Attempting to color correct mismatched footage in the editing room can be an extremely arduous task, but these helpful tips will give you better results every time.
If you’re a working editor or colorist, chances are you’ve faced the challenge of matching straight-out-of-the-camera shots that just don’t look right. Even if the cameras had the same exposure/white balance settings, there will still likely be some obvious differences in contrast, saturation, and color balance between them. This can be a result of different color science, camera settings, or lens choice.
Whatever the reason may be, it’ll ultimately be up to you to know how to match the footage in post so the shots can intercut seamlessly with each other. Here are the steps you need to follow next time you’re faced with this issue.
1. Match Contrast
Before pushing around your color wheels, start by adjusting the contrast of both shots so they match. Keep an eye on your scopes, and try to get the black and white levels of both images as close to perfect as you can.
2. Match Saturation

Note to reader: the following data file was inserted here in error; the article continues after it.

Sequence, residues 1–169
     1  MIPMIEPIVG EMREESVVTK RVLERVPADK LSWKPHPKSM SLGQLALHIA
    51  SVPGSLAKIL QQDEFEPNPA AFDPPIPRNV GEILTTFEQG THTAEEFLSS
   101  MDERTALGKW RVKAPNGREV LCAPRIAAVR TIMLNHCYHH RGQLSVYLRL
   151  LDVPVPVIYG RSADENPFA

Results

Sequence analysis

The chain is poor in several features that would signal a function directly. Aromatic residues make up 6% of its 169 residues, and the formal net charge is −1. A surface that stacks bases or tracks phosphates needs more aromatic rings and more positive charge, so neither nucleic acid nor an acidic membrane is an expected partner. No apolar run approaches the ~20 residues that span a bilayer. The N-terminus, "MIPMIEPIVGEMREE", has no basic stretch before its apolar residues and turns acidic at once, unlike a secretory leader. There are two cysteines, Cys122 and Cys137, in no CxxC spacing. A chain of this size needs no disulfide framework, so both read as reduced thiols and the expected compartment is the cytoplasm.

There’s a chance that the saturation levels between your two shots won’t be quite right from the get-go, and once you make contrast adjustments to each shot, those differences will be even more pronounced. You’ll want to compensate for these issues by increasing or decreasing saturation as needed to get both images in the same arena.
3. Adjust Color Balance
If one of your two images looks better straight out of the camera, start this stage off by working on that one. Tweak your shadows, mids, and highlights until they look balanced, and then save a reference image you can use as a baseline comparison when coloring the second shot. The goal with this step isn’t to have an exact match between the two shots, but to get them close enough so that you can fine tune things in the next step.
4. Fix Problem Areas
Even after balancing your two shots in Step Three, it’s possible that there will still be inconsistencies. For instance, your skin tones may match perfectly, but the shadows may be cooler in one image when compared to the other. This is very common and can easily be addressed with a secondary color corrector — whether it be a color key, power window, or curves adjustment.
5. Create a Look
Your shots should now be very close to matching. That said, if you’re planning to do any additional creative color work (such as adding film emulation or creating a more distinct color look), you should do it at this stage. Any fine tuning/creative adjustments you make at this point will help to hide the inconsistencies between the shots and ultimately give you a better final result.
Got any color correction tips you’d like to share? Let us know in the comments below!